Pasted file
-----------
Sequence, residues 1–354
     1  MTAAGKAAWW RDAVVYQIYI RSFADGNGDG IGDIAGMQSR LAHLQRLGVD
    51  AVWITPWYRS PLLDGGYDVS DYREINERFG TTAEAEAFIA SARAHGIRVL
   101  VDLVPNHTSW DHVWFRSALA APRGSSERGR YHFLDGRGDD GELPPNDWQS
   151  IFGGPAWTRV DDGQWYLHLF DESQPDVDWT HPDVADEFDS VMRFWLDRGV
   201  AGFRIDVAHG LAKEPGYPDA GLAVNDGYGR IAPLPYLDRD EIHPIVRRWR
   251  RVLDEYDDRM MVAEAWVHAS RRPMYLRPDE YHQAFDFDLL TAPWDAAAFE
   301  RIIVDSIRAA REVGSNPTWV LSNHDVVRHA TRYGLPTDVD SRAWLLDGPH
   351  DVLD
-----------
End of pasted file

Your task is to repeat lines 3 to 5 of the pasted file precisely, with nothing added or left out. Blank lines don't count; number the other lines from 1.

    51  AVWITPWYRS PLLDGGYDVS DYREINERFG TTAEAEAFIA SARAHGIRVL
   101  VDLVPNHTSW DHVWFRSALA APRGSSERGR YHFLDGRGDD GELPPNDWQS
   151  IFGGPAWTRV DDGQWYLHLF DESQPDVDWT HPDVADEFDS VMRFWLDRGV